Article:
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Renaissance 2010: A Tainted Brand?

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Chicago Public Schools reached a milestone this fall: The district approved plans for its 100th new school under Mayor Richard Daley’s Renaissance 2010 initiative. But there was no pomp or circumstance. In fact, the district’s announcement didn’t even include the words “Renaissance 2010.” The Renaissance 2010 brand is struggling.

To its supporters, Renaissance 2010 has always been about creating new schools—100 of them by this year. But to opponents of the plan, Renaissance 2010 has a whole different meaning:

STREET MARCH: Save our schools! Save our schools!

BOARD MEETING: We need a moratorium on Renaissance 2010. Closings, turnarounds and phase outs! This is urgent!

From the beginning, it was understood that school closings would take place under Renaissance 2010. But Greg Richmond says they were never supposed to be the focus of the initiative. Richmond headed the district’s new school development efforts in 2004, when Mayor Daley unveiled Renaissance 2010 to Chicago business and civic leaders.

Richmond still remembers a call he got from a reporter around that time.

RICHMOND : Called me up and said, ‘Okay. Renaissance 2010 is the Chicago Public Schools’ plan to close schools, right?’ And I said, ‘No! That’s not what it is. It’s the plan to create new schools!’ But that was the end of the sentence. Renaissance 2010 is your plan to close schools.

McGILL: What CPS seemed to be doing was trying to brand a set of actions—the opening of these new schools—and they gave it the brand name if you will Renaissance 2010...

Ann McGill is a professor of behavioral science and marketing at the University of Chicago ‘s business school.

McGILL: The very best brand names, the companies think very hard about the two, three things they want you to think. As soon as you hear Harley Davidson you think ‘independence’ and ‘freedom.’ And that’s because they work hard to make sure you think that.

CPS has had a hard time getting the positives of Renaissance 2010 to stick to the label. Lately, it seems the initiative is blamed for just about anything that goes wrong.

One reason for that is Julie Woestehoff.

The head of a noisy parent group, Woestehoff is mad that CPS has shut down 56 schools and fired all staff at another 11 since Renaissance 2010 began. She says it’s a privatization plan.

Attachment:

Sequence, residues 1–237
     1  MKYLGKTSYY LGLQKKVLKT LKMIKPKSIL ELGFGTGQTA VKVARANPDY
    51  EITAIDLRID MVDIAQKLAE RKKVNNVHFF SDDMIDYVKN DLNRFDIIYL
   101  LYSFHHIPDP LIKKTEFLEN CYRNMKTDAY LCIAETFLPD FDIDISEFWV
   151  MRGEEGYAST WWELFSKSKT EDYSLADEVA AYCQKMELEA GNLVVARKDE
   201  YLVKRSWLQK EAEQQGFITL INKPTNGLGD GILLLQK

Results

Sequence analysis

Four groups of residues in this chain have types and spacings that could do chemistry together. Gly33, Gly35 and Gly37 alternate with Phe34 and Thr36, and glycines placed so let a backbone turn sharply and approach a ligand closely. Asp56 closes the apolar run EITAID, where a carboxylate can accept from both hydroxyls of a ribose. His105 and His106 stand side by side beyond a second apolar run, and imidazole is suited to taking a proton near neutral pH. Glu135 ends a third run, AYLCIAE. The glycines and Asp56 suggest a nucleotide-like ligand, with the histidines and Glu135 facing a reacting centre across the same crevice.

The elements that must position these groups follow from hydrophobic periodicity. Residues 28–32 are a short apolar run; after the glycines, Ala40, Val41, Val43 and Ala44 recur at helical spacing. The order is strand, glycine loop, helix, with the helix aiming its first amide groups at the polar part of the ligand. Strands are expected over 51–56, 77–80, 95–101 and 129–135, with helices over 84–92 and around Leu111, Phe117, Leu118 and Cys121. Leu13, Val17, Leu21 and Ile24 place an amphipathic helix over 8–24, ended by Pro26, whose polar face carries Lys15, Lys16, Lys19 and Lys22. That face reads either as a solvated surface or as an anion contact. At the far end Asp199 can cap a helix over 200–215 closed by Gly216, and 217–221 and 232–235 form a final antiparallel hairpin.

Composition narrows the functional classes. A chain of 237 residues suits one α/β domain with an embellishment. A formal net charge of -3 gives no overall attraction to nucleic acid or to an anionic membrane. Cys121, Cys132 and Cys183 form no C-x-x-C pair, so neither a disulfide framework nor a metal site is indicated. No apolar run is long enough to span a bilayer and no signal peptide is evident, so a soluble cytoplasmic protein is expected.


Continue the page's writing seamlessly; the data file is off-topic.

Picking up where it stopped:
Woestehoff says the fact that CPS gave its initiative a name has made fighting it easier.

WOESTEHOFF: Yeah, because you can chant that word. You know, you can’t chant a series of actions...

ambi: (chanting) Hey, Hey, Ho Ho, Renaissance 2010 has got to go…

WOESTEHOFF: We’ve basically made the brand into a bad word. They aren’t using it—we’re talking about it all the time. And when people hear Renaissance 2010 now it’s always preceded by the word “controversial.” But it’s their choice. They chose to brand it. They chose to sell it like a product, and the product is failing.

It’s certainly not failing in the fundraising department—which is a key reason to name any initiative.

Businesses and foundations have ponied up $30 million for Renaissance 2010 schools thus far. But even the main fundraising arm of Renaissance 2010 is thinking about dumping the brand.

Phyllis Locket is executive director of the Renaissance Schools Fund.

LOCKET: To the degree that the district may consider stepping back from the name, then we are determining whether or not we do the same. It is really a renaissance, it’s a rebirth. So there’s a lot of symbolism with respect to that name. But we’re evaluating that right now.

Locket says there’s a silent majority—parents and students served by the new schools—who have a very positive view of Renaissance 2010. And so do those funding the effort, Locket says.

Chicago Public Schools CEO Ron Huberman says no matter what it’s called, CPS will continue to create new schools. And it will keep shutting down or firing staff at low-performing schools.

HUBERMAN: We’re continuing to learn from what’s worked well in Renaissance 2012…2010!...and what we need to improve on…

ambi: tape rewind

Did he say Renaissance 2012??

HUBERMAN: No, that was just a slip, Linda.

Now would be an easy time to drop the name Renaissance 2010. It is 2010, after all. But just as proponents promise to keep moving forward, detractors vow to fight the policies—whatever they’re called.

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